5 image editors you should use instead of Adobe Photoshop | Digital Trends

A person editing photos using an image-editor app.
George Milton / Pexels

Adobe Photoshop is such a popular app that its name has become a verb. It’s also undoubtedly one of the best photo editors you can use today. But it’s also fairly expensive, and its subscription model doesn’t sit well with everyone.

If you’re looking for an alternative, you’re in the right place. We’ve examined the options and picked five of the best Photoshop alternatives that will scratch that image-editing itch. Read on to see what we recommend.

Affinity Photo

Affinity Photo's user interface, showing a photo being edited and various tools and toolbars surrounding it.
Serif

One of the biggest complaints leveled at Adobe Photoshop is its subscription model, which requires you to pay an ongoing fee every month or year in order to keep using the app. It can feel onerous if you intend to use Photoshop for years to come.

With Affinity Photo, there are no such concerns. Its flat fee of $70 for the desktop version means you just need to make a single purchase and it’s yours to keep forever.

But that’s not the only reason you should look into Affinity Photo — far from it. It’s packed full of superb features and powerful tools that make image editing a breeze, from a huge brush library and superfast image loading to an extensive array of tools for retouching, raw image editing, photo manipulation, and much more.

Affinity Photo has won a number of prestigious awards, including being named Apple’s App of the Year. It’s available on macOS and Windows, with the desktop version costing $70.

Pixelmator Pro

The Pixelmator Pro image editing app, showing a photo being edited.
Pixelmator Team

If you’re a Mac user, there’s one Photoshop alternative that’s going to make you feel right at home: the award-winning Pixelmator Pro. Its user interface closely resembles those found in Apple apps like Pages and Numbers, so if you’re used to that sort of layout, the learning curve should be minimal.

Of course, there’s much more to it than an excellent interface. It boasts automatic edits that do much of the hard work for you, as well as raw editing, advanced color tweaks, full HDR support, and more. Oh, and it also offers an extension to Apple’s Photos app, so you can access its full suite of tools without ever needing to open Pixelmator Pro.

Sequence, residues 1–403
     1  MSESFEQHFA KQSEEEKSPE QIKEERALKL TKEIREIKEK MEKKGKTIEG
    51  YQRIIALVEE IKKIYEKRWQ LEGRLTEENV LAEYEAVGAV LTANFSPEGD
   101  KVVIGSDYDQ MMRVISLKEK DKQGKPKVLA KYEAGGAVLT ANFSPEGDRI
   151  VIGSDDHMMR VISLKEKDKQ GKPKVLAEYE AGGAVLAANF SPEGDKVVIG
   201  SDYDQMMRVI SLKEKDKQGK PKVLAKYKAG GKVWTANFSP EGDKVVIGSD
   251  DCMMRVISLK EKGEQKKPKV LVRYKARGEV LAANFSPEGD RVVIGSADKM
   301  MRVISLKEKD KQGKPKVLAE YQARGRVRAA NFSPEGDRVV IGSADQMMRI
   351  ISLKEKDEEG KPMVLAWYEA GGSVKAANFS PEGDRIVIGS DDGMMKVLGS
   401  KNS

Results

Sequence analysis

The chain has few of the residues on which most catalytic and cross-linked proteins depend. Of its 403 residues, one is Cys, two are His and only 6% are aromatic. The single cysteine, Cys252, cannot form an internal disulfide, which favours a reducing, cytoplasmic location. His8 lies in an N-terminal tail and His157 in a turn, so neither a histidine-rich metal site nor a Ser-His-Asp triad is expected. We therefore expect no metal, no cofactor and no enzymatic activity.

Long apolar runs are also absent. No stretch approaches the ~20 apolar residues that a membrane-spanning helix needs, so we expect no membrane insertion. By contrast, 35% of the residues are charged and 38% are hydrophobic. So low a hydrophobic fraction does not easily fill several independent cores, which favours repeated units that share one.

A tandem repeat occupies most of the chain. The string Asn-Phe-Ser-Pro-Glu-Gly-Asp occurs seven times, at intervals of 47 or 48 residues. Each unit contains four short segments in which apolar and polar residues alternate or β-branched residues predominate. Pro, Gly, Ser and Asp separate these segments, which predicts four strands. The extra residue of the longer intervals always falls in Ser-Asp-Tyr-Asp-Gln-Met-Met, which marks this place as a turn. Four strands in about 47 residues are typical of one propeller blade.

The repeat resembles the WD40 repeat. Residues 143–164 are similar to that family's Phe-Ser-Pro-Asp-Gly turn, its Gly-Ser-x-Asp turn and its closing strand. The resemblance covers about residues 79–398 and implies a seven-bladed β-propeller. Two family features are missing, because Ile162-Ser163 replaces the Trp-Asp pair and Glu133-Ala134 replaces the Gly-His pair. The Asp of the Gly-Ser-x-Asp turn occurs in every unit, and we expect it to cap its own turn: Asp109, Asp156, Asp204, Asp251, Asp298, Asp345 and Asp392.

It also bundles in plenty of tools for editing vector shapes, making it a well-rounded piece of software that can handle illustrations as well as photos. So, if you’re an illustrator looking for an app in which to build your next piece of work, it’s a great option.

Pixelmator Pro is available on macOS and costs $50.

Photopea

The Photopea image editor, showing a photo being edited.
Digital Trends, Photopea, Leo Visions

Whenever you switch to a different app, you often have to learn how to use a new interface. If you’re familiar with Photoshop and dread the thought of retraining your muscle memory in a new app, you’ll find a lot to like about Photopea.

That’s because this online photo editor uses a layout that closely mirrors that of Adobe Photoshop, with its tools all located in familiar places. So not only is it full of useful features that can tune up your images with precision and power, but you’ll know exactly where to look for them.

There’s more good news: Photopea is entirely free to use. It runs in your web browser and makes its money by displaying advertisements. And you don’t have to worry about any features being locked behind a paywall or about the kind of subpar experience you sometimes get with free apps — Photopea is full-featured and incredibly capable.

GIMP

The GIMP image editing app, showing a photo being edited.
Mark Coppock / Digital Trends

GIMP, or the Gnu Image Manipulation Program, is another free photo-editing app that has been a popular Photoshop alternative for years. It’s not hard to see why — it’s got just about every tool you could need to edit photos without compromises.

One of the main reasons to switch to GIMP is its thriving community of users who have created all manner of plug-ins that work with the app, making it highly adaptable and extendable. What’s more, you can adjust its interface as required, so if something’s missing or a toolbar is getting in your way, chances are you can change it to suit your needs.

GIMP works on macOS, Windows, and Linux. It’s open source and completely free to use, without any kind of advertising or subscriptions. Note that its interface comes with a bit of a learning curve if you’re used to Photoshop, but it shouldn’t hold you back once you’re used to how it works.

Krita

The Krita image editing app, showing a photo being edited.
Krita

Photoshop is often used for digital painting rather than photo editing, and that’s something Krita really excels at. This free image editor is primarily aimed at artists who want to paint and illustrate on its digital canvas, and considering it’s completely free to use, it does so remarkably well.

Krita’s strongest asset is its array of potent brush engines, which let you customize brushes and organize them into groups for easy use. There are also all the powerful tools you’d expect to find in an image editor, including non-destructive layers and masks, a resource manager for your brushes and textures, 2D animation tools, and more. It’s impressively well-equipped for something that doesn’t require any kind of payment.

Like GIMP, Krita has a large community of users and developers who build plug-ins to augment its abilities. With so much choice of add-ons, you’re never short of options if you want to expand what the app can do.

Krita is available on macOS, Windows, and Linux — and it’s completely free.

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